Shame of Mumbai

. 10/30/08

The lynching of a laborer from UP and the earlier shooting of a Bihari youth are highly disturbing signs of the shocking deterioration that has taken place in Mumbai’s law and order situation. Although the gun-wielding Bihari young man had hijacked a bus, questions will remain whether it was unavoidable for the police to gun him down. After all, he was a distraught amateur, and a well-trained force should not have had much difficulty in disarming him.

However, the unqualified support given to the police by the state’s home minister, R R Patil, can explain why the officers and men showed no inclination to be patient. Patil’s observation that the same treatment would be meted out to anyone taking the law in his own hands would have sounded more convincing if the police had been equally proactive in dealing with Raj Thackeray’s and his terrorists.

It has also to be noted that the Mumbai police no longer enjoys its earlier reputation for professionalism. Its conduct during the anti Muslims riots in 1992-93 undermined its non-partisan image.

When the police seem so trigger-happy, it is not impossible that the terrorists who beat the UP laborer to death took their cue from the 'guardians’ of law and order. But if the police and the anti-social elements have brought disgrace to a city once known for its cosmopolitanism and civilized ambience, the fault lies with the myopic politicians who evidently do not seem to mind playing with the lives of innocent people with their cynical games.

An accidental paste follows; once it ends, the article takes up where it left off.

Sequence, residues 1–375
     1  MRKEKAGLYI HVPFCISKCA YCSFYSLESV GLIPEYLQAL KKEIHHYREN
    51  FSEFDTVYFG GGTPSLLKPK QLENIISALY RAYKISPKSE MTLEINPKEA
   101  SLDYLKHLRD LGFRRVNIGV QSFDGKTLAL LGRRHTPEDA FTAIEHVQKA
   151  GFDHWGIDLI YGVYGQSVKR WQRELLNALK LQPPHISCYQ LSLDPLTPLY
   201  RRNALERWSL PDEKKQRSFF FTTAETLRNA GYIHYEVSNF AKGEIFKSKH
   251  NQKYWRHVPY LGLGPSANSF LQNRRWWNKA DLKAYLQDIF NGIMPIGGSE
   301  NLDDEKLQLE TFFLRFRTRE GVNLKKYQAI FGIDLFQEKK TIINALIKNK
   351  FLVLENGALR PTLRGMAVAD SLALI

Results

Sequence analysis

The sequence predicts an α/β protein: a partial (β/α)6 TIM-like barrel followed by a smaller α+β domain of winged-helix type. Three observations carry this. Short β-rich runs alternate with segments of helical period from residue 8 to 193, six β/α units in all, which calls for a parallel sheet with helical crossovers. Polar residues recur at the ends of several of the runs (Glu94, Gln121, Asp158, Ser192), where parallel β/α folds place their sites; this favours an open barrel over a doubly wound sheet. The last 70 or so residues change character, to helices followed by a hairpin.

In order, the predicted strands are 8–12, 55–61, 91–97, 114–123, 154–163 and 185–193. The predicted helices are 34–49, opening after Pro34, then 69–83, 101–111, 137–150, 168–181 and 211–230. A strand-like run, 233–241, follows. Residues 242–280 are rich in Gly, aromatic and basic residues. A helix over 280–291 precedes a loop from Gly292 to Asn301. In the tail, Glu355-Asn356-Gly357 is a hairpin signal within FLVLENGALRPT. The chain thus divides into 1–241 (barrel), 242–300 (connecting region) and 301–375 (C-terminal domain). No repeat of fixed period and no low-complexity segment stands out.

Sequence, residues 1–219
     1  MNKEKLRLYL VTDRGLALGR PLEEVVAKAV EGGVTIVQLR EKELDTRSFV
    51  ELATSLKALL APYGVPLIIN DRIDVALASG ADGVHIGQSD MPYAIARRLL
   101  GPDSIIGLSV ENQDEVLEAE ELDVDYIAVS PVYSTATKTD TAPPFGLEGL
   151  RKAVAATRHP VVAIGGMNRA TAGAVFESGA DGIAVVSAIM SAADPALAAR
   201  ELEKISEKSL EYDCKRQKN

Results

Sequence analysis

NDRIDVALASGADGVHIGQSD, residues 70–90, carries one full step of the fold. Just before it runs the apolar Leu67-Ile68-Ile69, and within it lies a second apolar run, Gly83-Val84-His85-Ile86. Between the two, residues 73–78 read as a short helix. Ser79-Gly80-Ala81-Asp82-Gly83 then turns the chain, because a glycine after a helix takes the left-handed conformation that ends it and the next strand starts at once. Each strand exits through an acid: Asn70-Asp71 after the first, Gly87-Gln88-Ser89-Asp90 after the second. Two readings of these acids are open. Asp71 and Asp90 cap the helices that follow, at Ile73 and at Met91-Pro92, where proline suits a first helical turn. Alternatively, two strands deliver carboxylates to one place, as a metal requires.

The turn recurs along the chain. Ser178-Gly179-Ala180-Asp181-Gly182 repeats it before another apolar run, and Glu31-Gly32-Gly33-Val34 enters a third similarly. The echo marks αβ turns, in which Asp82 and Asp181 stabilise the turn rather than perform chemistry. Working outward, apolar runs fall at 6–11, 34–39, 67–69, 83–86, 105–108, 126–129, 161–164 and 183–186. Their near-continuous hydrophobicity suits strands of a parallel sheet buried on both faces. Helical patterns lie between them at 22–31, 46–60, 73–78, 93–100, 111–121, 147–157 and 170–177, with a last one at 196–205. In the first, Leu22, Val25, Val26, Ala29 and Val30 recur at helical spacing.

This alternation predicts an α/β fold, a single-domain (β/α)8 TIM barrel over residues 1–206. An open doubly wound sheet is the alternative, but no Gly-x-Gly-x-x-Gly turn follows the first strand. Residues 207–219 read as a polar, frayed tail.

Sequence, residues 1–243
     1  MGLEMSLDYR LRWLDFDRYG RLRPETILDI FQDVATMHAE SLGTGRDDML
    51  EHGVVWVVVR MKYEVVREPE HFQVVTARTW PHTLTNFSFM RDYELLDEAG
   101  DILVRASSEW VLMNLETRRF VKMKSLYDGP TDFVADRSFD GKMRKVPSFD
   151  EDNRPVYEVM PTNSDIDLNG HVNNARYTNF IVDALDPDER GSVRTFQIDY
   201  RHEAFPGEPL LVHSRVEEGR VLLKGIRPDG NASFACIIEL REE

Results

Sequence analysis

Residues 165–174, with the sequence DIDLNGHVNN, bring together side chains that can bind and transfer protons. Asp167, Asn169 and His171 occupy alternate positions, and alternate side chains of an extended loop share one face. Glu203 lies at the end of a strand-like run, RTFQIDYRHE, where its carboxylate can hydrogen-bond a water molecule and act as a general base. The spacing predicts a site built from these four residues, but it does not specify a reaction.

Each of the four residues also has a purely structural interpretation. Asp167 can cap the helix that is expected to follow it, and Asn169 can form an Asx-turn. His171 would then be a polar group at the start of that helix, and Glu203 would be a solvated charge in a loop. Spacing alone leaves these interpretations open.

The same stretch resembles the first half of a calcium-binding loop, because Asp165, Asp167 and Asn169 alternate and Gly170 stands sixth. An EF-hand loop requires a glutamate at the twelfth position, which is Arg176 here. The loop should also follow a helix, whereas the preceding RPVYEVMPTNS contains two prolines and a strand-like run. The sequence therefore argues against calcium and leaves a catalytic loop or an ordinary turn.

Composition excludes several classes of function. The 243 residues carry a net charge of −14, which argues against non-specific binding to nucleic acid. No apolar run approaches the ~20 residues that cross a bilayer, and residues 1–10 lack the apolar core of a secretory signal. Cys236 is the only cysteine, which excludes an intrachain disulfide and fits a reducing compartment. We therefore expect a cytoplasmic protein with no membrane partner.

While the terrorism of the Shiv Sena and the MNS is known, what is deplorable is that even all-India parties like the Congress have not been able to escape the virus of sub-nationalism.

The way, in which the conditions are going from bad to worse, the Vilasrao Deshmukh government must take most of the blame. Had it shown the slightest willingness to crack down on the MNS terrorists, the situation would not have deteriorated to this extent. But not only has it had to be pushed by the Centre and public pressure to act, its ministers like Narayan Rane and Chhagan Bhujbal have been virtually echoing Raj Thackeray’s parochial line with its minatory message. As is known, the Congress played the same game to prop up Bal Thackeray in the Sixties to undercut the communists.

Now, it is said to be boosting the nephew to hit at the uncle. But the losers are the hapless victims of the resultant violence.

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